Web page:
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'Riddick's' Vin Diesel flexes muscle behind the scenes too

It's been a long road to creative control over the sci-fi film and the 'Fast & Furious' franchise for the actor-producer, who reflects on some anxious days.

September 06, 2013|By Chris Lee, Los Angeles Times

On-screen, Vin Diesel's default setting can be described as coiled rage and brutal efficiency.

In the films that put him on Hollywood's star map, the buff and bald actor hefts big guns: from artillery to his own softball-sized biceps. He punches the accelerator on the fastest hot rods and pummels enemies into submission without hesitation or fear.

So it's surprising to discover that in 2011, just weeks before cameras rolled on "Riddick" — this weekend's sequel to 2000's "Pitch Black" and 2004's "The Chronicles of Riddick" — Diesel found himself facing existential dread.

"I have never talked about that," Diesel says quietly.

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In conversation at his bungalow on the Burbank Universal Pictures studio lot, the granite-tough star seems genuinely taken aback, uncharacteristically humbled, to be opening up about his own fallibility.

"I will never be able to convey the anxiety, the frustration, the fear that I was feeling before making this movie when the funding wasn't getting to where it needed to get," he says. "To where padlocks were being put on the production studio in Canada because we had insufficient funds to get going. To where I had to leverage my house."

At stake: the independent production he spent years putting together as a producer was in jeopardy of shutting down. Rather than wait for an insurance company to bond the $34-million sci-fi film in order to secure a key bank loan, the star took matters into his own hands. Risking foreclosure on his own home, he provided the financial backing for "Riddick" himself until bank funds came through.

"He had personal financial exposure when he didn't plan on being that involved," the movie's writer-director David Twohy confirms. "Vin reached into his own pocket to make sure the crew didn't go home. He was putting his money where his mouth is."

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Which is to say that Diesel's sweat equity on movie projects these days doesn't necessarily end with bench presses and power squats.

The star (government name: Mark Sinclair Vincent) may have become associated with crazy stunts, blunt-force trauma and sequel after blockbuster-grossing sequel (cumulative worldwide gross for the "Fast & Furious" installments in which he's featured: $2.14 billion) — a certain cinema of gigantism. But a closer inspection of Diesel's involvement as a producer for "Riddick" and the last three "Fast" movies reveals that his creative control extends to overhauling scripts, casting (sometimes dictated by his Facebook page's 46 million "friends") and even personally hawking international film distribution rights.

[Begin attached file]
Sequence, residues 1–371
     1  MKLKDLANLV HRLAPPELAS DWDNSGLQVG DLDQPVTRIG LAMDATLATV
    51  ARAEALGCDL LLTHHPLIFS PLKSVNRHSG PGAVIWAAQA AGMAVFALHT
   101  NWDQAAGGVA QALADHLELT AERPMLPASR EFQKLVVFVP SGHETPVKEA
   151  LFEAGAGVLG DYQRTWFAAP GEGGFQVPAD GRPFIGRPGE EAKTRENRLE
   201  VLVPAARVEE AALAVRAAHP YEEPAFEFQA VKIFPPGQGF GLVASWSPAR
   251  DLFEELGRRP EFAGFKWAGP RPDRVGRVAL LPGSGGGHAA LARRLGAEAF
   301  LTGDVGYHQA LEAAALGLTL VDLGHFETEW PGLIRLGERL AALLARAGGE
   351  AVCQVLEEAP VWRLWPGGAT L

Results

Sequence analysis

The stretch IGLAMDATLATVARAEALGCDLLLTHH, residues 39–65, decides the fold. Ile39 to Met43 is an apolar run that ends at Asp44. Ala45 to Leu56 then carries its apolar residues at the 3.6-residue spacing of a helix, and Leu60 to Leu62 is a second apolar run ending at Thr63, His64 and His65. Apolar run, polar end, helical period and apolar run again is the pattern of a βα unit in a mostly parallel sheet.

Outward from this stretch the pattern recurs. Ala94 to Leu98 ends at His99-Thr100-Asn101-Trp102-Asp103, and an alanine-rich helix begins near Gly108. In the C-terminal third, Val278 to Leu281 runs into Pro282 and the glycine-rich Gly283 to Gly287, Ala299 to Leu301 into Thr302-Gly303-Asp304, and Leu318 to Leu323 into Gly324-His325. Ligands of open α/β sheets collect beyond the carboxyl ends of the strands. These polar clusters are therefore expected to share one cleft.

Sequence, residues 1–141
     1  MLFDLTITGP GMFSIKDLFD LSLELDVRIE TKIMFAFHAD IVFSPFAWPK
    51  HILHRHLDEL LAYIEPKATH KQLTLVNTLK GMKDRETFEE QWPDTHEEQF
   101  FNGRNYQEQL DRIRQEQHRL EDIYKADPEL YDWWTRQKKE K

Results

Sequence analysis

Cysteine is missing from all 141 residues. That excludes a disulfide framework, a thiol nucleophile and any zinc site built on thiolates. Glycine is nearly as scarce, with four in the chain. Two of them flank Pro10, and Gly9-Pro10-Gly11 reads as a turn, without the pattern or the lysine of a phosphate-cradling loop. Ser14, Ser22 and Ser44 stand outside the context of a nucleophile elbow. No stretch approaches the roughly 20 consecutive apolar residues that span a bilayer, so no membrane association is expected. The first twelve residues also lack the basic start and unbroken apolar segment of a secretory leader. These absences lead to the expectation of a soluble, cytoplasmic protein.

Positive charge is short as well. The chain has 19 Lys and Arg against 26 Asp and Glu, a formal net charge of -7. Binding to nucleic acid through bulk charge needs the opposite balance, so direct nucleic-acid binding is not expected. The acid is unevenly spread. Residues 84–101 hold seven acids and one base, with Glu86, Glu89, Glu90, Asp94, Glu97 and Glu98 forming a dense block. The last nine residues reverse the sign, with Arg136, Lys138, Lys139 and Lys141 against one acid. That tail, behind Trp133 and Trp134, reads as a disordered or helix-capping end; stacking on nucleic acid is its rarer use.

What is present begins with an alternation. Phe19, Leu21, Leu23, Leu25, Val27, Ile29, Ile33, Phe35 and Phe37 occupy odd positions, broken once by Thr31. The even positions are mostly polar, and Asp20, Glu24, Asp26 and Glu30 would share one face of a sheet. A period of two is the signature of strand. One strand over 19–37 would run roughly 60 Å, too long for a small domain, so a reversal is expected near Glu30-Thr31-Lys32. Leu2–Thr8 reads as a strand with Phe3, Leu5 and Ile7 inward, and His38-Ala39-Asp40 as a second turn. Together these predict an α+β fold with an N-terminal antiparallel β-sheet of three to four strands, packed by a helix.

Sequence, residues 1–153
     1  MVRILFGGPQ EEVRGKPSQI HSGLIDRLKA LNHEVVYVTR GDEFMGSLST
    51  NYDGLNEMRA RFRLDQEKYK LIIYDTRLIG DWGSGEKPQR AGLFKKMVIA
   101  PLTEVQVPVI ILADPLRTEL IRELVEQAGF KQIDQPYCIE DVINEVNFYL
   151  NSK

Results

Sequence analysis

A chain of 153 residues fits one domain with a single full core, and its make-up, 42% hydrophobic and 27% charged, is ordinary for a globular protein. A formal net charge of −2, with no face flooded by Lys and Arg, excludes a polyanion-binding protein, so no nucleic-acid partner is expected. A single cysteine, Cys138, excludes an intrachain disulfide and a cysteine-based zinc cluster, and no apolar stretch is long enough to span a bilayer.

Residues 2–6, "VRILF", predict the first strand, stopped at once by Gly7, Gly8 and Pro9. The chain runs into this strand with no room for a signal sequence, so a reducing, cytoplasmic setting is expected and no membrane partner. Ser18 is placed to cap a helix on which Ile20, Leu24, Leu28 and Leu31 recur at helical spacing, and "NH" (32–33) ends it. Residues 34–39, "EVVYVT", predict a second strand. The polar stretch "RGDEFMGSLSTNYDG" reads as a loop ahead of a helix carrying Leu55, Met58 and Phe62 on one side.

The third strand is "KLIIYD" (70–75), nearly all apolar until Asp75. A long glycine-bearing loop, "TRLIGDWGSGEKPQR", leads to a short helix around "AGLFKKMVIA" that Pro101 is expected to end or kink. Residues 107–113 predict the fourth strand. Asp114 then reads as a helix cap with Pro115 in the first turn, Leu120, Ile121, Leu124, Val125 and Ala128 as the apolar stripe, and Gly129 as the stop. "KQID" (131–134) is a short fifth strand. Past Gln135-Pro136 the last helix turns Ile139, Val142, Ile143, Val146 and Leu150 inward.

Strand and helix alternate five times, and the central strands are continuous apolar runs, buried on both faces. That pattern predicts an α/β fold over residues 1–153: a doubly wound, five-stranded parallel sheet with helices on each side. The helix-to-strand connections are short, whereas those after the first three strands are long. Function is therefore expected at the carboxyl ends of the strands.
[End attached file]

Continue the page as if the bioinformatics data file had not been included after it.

"What people are often shocked to hear is that I work more and harder when I'm not filming a movie than when I am," Diesel says from his perch behind an office desk.

With the exception of a costarring role as an extraterrestrial plant monster named Groot in Marvel Studios' upcoming comic book adaptation "Guardians of the Galaxy," all Diesel's acting efforts stretching into the foreseeable future arrive with producer credits attached.

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Among them, a big-screen blowup of the 1970s TV show "Kojak"; a sequel to 2002's "XXX," "XXX: The Return of Xander Cage"; the hunter-turned-hunted thriller "World's Most Wanted," and the actor's long-gestating dream project: the historical biopic "Hannibal the Conqueror."

At the root of his current status is what Diesel not-so-humbly refers to as "probably one of the best deals in Hollywood history": trading a walk-on cameo in 2006's "The Fast and the Furious: Tokyo Drift" for a chance to reboot "Riddick."

Portraying antihero Richard Riddick in the low-budget thriller "Pitch Black" was the actor's Hollywood breakthrough. Before that film became a cultishly popular sleeper hit, he was known for supporting roles in the dramas "Saving Private Ryan" (1998) and "Boiler Room" (2000), and to a lesser degree for having premiered his debut feature as a director, "Strays" (1997), at the Sundance Film Festival.

The last time multiplex audiences saw Diesel's escaped convict character in "The Chronicles of Riddick," however, things didn't turn out as planned. Universal's $105-million sci-fi "Pitch Black" sequel fizzled at the box office, taking in just $57 million domestically and effectively derailing the franchise's future prospects.

"I had initially asked the studio if I could pay them $10 million to get the rights for 'Riddick' — to put my houses up and borrow some money," Diesel recalls. "At that time, I felt like 'Riddick' was held in a vault. We weren't allowed to be creative with that project we had already fallen in love with. They said, 'We couldn't bear the idea of this movie being successful somewhere else. So the answer is no.'"

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By then, the actor had turned down a lucrative payday to appear in "2 Fast 2 Furious," developing a reputation for being difficult along the way.

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